In FIGURE 1 code generator 24 has a parallel output on lines 26 i.e. the deprssion of one key provides concurrent outputs on the six lines 26 to define a character (as a six-bit code). Lines 26 are directly connected to a concurrent-recording, multi-section magnetic head 28 (shown in FIGURES 7, 8 and described later). When a character (six bits in the example) is recorded on the magnetic strip 30 previously sprayed or otherwise adhered to the letter, OR gate 32 detects the code by having OR gate input lines 34 connected to the individual code-conducting lines 26. Accordingly, a carriage index signal 36 is conducted as the output of OR gate 32 in order to actuate electromagnet 38. The electromagnet operates an escapement 40 which allows spring 42 to move head carriage 4-4 a predetermined distance. Escapement 40 is a conventional pivoted ratchet 46 which is spring urged in a given position and pivotedly oscillated when electromagnet 38 is pulsed. The escapement engages teeth 48 formed along the length of carriage 44, and for each cycle of the escapernent, spring 4-2 moves carriage 44 a distance cor responding to a predetermined (one or more) number of teeth 48.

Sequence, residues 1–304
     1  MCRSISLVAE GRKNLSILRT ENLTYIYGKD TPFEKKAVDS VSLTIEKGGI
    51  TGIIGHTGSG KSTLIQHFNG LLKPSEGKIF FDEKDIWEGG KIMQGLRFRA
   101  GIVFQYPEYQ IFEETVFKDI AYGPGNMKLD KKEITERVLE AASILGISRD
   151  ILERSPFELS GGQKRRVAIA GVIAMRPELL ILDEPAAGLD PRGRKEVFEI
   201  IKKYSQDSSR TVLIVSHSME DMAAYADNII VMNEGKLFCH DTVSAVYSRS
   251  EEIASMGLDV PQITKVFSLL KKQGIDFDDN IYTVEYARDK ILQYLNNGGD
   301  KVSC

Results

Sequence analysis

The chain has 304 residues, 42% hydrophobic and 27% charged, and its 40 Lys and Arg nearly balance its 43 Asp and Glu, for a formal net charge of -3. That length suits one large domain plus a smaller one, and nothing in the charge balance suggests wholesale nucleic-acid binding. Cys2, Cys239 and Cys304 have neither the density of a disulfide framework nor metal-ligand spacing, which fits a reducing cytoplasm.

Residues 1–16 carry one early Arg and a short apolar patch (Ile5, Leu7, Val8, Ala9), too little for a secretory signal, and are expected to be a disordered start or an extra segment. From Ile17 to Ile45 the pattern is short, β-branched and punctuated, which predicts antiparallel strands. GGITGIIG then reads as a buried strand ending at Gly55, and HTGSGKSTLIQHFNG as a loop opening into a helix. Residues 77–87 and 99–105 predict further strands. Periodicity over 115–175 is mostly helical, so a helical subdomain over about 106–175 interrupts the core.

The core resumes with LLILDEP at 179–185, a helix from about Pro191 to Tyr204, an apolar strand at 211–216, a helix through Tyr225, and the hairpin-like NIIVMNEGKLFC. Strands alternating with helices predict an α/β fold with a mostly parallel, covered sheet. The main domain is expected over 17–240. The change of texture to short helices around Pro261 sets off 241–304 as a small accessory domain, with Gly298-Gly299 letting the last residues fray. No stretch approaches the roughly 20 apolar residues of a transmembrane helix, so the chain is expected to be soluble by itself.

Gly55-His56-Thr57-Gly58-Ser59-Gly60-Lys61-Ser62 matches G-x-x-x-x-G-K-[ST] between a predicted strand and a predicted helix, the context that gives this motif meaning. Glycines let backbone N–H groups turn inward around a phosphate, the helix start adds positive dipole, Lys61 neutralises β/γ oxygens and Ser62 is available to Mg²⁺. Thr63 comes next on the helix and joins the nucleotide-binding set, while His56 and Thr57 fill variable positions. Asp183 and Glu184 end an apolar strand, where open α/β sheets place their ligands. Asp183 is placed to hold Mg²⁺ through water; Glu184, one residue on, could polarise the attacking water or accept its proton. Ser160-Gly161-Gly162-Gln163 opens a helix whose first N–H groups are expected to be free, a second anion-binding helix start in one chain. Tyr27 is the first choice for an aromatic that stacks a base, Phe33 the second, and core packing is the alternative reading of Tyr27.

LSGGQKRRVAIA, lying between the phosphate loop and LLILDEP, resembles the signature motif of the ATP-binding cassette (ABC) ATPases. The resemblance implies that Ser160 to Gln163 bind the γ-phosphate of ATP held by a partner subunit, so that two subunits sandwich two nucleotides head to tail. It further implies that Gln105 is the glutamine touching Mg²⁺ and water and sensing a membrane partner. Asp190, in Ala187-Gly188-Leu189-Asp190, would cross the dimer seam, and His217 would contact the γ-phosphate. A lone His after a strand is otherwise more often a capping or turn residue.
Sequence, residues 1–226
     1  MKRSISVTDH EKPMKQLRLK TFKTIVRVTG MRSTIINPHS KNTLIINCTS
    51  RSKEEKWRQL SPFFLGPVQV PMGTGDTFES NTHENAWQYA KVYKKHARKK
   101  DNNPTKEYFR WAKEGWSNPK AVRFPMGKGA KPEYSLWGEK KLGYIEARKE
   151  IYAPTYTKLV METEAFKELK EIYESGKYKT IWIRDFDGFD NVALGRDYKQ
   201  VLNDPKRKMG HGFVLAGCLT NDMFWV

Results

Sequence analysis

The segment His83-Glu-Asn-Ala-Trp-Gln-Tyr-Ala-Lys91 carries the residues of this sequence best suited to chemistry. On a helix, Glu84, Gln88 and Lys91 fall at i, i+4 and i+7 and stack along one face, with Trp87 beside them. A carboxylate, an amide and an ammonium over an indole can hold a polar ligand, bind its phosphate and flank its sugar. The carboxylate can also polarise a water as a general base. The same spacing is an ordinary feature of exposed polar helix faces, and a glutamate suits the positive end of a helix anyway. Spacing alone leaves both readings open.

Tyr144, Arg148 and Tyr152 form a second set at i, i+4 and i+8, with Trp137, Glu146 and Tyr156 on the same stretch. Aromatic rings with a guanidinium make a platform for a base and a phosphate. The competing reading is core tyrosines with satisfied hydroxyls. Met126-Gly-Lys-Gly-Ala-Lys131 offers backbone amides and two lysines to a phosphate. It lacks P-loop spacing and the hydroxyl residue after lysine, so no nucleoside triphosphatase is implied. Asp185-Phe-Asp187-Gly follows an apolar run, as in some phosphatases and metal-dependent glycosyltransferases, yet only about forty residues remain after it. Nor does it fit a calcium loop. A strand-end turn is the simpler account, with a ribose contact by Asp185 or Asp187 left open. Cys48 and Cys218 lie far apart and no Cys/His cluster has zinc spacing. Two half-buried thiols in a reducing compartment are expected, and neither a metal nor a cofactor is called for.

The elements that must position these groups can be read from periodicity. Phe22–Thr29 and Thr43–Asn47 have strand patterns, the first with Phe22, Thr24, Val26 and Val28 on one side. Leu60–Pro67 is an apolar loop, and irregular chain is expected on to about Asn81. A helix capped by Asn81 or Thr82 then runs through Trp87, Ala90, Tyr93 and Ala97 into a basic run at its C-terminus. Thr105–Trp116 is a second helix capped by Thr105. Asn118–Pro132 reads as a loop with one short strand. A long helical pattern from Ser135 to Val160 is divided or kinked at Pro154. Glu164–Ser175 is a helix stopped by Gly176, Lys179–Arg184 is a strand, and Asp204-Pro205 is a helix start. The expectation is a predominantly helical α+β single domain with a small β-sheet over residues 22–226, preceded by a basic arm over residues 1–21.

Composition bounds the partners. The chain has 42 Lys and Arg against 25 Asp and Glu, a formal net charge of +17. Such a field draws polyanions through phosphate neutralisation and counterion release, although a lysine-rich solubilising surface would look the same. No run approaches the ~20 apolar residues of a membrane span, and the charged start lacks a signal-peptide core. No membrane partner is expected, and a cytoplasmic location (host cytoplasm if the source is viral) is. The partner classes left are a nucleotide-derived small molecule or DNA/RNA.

The recording head 28 is secured by bracket 50 to one end of the carriage, and the entire carriage is constrained to straight line motion by means of a guide, track, etc. (not shown).

Timing presents no problem in the various forms of our invention because the electromagnet 38 is slower-acting than the magnetic recording by head 28. In other words, when a code occurs on lines 26 it is instantaneously recorded by head 28 in the magnetic strip 30 and the electromagnet 38 and escapernent ratchet respond sufiiciently slowly so that head 28 does not move until after the code has been recorded.

As mentioned above, some code generators provide a signal at the end of the code or character (if the code represents a character). With such a signal available, as diagrammatically represented by line 52, it can be used in place of lines 34, OR gate 32 and line 36, by simply connecting the end of character signal-line 52 directly to electromagnet 38.